The rest of the country is not as lucky. The demographic with the most uninsured are young people between the ages of 18-35. This is mainly because we cannot typically afford health insurance unless it is subsidized by our employer or the government. Some of us think we are invincible – so when we have to go into the emergency room or find out that at 28 yrs old we have cancer, its a shock.
That being said the majority of young people are extremely healthy and those of us who have health insurance bring down the costs for other residents who are insured. So in fact we do help older generations who rates are higher because of age & pre-existing conditions. But, when we don’t have insurance we are subject to the extremely high costs of care in emergency rooms and routine doctors visits. I once got charged $1,400 for going to the Emergency Room to get a Pink Eye medication prescription (luckily I was insured). Why are emergency room costs so high you might ask? Well that would be because of the number of uninsured individuals who seek care at hospitals and are unable to pay.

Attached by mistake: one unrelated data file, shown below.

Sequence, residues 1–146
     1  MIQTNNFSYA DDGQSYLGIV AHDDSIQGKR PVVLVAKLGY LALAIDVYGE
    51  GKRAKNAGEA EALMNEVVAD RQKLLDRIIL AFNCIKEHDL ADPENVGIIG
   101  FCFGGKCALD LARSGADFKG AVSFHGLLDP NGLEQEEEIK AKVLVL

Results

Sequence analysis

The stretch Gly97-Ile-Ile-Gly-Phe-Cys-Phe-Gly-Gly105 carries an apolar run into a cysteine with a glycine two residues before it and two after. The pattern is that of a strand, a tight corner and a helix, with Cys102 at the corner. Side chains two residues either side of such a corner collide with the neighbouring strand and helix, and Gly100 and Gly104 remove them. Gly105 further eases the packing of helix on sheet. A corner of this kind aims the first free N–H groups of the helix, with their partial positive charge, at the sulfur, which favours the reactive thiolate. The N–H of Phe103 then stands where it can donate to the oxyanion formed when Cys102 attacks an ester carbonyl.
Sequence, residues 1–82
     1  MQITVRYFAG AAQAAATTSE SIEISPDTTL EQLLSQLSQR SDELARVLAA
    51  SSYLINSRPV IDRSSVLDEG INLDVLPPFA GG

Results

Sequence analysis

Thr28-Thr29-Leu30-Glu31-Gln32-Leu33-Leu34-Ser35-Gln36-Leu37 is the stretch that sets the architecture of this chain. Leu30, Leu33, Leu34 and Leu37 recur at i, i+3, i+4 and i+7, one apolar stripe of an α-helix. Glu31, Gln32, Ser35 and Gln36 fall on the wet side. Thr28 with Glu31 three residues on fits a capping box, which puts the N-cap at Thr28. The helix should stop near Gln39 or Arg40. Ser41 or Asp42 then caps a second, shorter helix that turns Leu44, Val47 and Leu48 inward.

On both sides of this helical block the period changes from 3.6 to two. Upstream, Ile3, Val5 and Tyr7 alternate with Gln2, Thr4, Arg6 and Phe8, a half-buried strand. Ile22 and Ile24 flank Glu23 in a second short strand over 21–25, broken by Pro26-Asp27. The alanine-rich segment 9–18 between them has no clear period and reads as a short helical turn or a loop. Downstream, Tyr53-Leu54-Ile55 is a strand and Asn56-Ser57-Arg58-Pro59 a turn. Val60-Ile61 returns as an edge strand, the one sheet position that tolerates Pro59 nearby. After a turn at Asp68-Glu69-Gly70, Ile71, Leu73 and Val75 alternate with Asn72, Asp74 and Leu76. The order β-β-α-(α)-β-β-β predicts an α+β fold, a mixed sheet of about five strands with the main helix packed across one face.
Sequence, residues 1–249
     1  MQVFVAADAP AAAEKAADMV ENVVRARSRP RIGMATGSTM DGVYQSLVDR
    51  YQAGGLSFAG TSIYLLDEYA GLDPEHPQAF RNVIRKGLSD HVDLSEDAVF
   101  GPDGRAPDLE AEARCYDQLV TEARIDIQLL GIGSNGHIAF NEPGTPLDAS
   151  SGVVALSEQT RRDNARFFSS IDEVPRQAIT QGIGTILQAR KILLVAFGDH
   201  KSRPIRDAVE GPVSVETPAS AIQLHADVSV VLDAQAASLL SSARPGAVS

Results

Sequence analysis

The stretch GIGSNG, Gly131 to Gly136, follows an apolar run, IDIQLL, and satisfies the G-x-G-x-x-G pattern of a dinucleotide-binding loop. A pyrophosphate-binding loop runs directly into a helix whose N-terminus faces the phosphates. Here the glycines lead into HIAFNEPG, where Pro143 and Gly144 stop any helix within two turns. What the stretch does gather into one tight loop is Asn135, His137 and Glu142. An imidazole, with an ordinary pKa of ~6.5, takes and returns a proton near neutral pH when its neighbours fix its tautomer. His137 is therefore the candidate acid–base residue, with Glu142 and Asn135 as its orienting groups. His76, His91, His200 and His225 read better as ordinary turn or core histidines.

By remaining uninsured young people are only creating higher costs for themselves, but by becoming insured we help ourselves and others in our communities by bringing down the cost of health care.
And to quickly respond to the assumption that giving jobs to older workers takes jobs away from younger people. Think hard buddy . . . they had those jobs first. Its us coming in taking the jobs from them. The issue is older workers are less likely to retire now because of high health insurance costs and until they turn 65, they can’t qualify for Medicare. Therefore they rely on employer sponsored insurance or their weekly paychecks to pay for high insurance rates. Right now the job market is extremely competitive with 1 job for every 5 people who are unemployed. Its every person for themselves – age isn’t the biggest factor.”
PROBLEMS WITH MA HEALTH REFORM